In the current study, the Pearson correlation of intercanine width with inner intercanthal distance showed a moderate significance in males. The study by Asli et al. also revealed that a significant relationship exists between intercanine width and intercanthal distance with a mean intercanine width and intercanthal distance of 34.56 mm and 30.75, respectively.[22] Tripathi et al. also found a statistically significant correlation between these parameters.[23] Literature reveals diverse results and the reason for such results could be due to variations in techniques and population under study. Hence, no single parameter can be used as a reliable measurement.

There were several limitations in the current study which should be considered in the studies to be conducted in the future. This study was done for a small population and the results may vary for large population in different geographic locations. Furthermore, this study is not applicable in edentulous patients and does not take into account the influence of resilient soft tissues.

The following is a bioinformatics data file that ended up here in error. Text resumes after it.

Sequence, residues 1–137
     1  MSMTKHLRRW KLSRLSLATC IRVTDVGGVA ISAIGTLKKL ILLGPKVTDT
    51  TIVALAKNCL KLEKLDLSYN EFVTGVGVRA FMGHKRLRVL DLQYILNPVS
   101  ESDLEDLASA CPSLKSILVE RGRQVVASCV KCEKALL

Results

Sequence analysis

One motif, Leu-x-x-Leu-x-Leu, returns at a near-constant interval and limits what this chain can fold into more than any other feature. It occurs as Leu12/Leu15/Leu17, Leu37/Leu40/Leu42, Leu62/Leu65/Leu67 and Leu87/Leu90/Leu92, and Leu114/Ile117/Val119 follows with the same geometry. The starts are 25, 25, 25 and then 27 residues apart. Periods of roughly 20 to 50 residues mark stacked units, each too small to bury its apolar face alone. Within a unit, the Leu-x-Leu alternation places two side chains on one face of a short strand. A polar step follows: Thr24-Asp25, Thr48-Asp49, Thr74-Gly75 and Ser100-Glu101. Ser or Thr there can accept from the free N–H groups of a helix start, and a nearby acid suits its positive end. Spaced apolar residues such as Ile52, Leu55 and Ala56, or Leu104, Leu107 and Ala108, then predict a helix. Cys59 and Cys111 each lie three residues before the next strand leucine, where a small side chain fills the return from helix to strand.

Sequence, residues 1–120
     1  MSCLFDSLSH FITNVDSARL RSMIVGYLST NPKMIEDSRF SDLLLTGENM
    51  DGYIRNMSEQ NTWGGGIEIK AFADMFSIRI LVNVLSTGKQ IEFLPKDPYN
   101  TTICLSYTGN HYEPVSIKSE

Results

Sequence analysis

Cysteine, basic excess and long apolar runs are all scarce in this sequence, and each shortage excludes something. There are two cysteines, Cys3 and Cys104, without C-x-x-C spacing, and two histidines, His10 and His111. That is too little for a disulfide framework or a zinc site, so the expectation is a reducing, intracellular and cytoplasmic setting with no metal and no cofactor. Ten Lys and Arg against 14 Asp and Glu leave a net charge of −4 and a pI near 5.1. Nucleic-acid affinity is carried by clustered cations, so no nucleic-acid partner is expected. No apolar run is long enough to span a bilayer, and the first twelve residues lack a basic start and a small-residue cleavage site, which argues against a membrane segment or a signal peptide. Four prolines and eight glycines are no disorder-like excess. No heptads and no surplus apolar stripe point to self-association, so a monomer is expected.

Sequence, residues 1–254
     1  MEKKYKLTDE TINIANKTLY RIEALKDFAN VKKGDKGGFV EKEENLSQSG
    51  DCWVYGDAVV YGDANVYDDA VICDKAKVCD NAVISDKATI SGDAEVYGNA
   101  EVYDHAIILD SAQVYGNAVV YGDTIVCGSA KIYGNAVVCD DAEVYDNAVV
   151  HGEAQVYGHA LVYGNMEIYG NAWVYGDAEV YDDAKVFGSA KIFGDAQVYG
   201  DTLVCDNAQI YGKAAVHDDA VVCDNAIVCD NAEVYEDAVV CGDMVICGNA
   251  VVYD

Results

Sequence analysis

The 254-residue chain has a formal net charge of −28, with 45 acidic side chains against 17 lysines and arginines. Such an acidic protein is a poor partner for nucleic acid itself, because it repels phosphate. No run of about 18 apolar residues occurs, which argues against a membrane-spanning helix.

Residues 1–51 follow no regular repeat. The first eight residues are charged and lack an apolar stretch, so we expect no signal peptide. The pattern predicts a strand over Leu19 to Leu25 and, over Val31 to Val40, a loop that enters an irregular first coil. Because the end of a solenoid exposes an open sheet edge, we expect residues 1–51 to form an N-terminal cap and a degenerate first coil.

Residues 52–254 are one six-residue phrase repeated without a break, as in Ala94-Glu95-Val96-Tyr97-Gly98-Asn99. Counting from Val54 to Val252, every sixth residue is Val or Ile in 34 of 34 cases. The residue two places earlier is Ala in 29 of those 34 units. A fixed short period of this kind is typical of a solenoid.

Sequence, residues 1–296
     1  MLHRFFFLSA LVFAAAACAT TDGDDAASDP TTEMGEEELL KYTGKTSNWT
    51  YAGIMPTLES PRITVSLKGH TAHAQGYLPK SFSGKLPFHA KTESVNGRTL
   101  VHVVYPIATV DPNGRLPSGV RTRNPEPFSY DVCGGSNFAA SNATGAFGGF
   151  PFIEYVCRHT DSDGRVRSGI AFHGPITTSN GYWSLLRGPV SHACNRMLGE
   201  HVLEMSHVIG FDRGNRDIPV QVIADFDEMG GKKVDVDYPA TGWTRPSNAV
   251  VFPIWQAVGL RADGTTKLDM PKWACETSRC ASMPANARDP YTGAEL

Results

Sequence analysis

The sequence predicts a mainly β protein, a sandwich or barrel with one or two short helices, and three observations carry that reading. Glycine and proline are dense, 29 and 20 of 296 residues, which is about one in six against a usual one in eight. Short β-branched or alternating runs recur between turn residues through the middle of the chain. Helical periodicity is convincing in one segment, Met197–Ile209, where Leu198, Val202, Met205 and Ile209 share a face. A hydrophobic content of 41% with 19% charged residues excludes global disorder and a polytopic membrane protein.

Conclusion Top


In the present study, a weak correlation existed between intercanine distance and other facial parameters. Several parameters determine the facial form and a combination of these parameters have to be considered thereby reconstruction of the face is possible for future prospects in forensic dentistry.

Financial support and sponsorship

Nil.

Conflicts of interest

There are no conflicts of interest.



 
  References Top

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Jeddy N, Ravi S, Radhika T. Current trends in forensic odontology. J Forensic Dent Sci 2017;9:115-9.  Back to cited text no. 1
[PUBMED]  [Full text]  
2.
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Nazir S, Zargar NM, Khurshaid SZ, Shah AF, Mir S, Rashid R. The Selection of Maxillary Anterior Teeth Width in Kashmiri Population. Journal of Orofacial Research. 2015:40-2.  Back to cited text no. 4
    
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Ward DH. A study of dentists' preferred maxillary anterior tooth width proportions: Comparing the recurring esthetic dental proportion to other mathematical and naturally occurring proportions. J Esthet Restor Dent 2007;19:324-37.  Back to cited text no. 8